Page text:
It feels happy to have beat the pack of 40000 people and had an early drink in a stadium doesn’t it. After enjoying this little achievement, this author turned back to his seat in the stadium to watch cricket players going through the practice drill, coaches guiding players, Umpires and referees inspecting the pitch and the ground staff and their machinery clearing the dew off the grass. It was break time for the biggest game of the IPL season.
One such machine used in day-night cricket encounters in the sub-continent is a super sopper. It’s used to absorb all the dew of the grass so that the batting side don’t have an advantage. It was a road roller of sorts meant for the grass. Ironic that these machines were in use in IPL where balls mostly flew out of the park and only occasionally touched the grass. On the particular day of IPL final, two machines came onto the ground to do their duties. Unfortunately one of them broke down during operation. The technicians were called in to fix but to no avail. The break got extended by a few minutes as the huge machine stopped moving and had to be cleared off the field for the play to start. Though it had regular wheels to be rolled off the ground, for some reason the ground staff were reluctant to use it. The solution finally employed being, about 40 people lifted the machine off the ground.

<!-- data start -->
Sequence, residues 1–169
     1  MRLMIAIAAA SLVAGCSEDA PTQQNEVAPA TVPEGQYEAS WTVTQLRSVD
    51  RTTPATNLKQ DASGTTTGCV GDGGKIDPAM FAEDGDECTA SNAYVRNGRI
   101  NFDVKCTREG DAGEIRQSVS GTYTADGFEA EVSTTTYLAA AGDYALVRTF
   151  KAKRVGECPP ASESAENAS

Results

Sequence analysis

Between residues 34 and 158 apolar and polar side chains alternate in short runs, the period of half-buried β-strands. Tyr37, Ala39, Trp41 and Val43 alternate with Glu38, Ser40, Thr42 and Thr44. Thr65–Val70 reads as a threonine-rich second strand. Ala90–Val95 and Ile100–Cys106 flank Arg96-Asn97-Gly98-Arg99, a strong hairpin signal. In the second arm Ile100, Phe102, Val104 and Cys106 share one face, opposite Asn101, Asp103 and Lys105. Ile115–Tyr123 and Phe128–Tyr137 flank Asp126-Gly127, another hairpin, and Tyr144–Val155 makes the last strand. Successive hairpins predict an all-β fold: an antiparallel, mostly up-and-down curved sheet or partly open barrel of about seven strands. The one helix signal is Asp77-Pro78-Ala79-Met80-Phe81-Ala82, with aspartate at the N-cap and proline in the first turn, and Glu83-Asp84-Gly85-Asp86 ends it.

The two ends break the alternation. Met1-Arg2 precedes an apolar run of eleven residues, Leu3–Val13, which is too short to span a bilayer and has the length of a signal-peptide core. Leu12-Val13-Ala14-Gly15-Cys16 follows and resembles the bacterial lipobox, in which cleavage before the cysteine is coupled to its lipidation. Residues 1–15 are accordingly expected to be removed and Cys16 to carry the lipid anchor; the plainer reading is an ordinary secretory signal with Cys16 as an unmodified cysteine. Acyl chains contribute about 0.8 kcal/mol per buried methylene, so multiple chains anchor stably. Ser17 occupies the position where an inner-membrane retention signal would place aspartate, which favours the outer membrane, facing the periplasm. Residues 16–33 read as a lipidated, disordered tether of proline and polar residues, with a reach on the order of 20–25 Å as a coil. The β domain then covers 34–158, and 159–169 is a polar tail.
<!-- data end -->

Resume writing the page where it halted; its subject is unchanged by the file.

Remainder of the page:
The author wonders, what would happen if this situation were to happen in Australia or England where the planned system would have accounted for such an eventuality. Maybe they had a crane on the ground. Maybe they would have better designed super soppers that could be easily rolled off the ground. Why do, we in India, offer solutions that need people to do it instead of systems and infrastructure.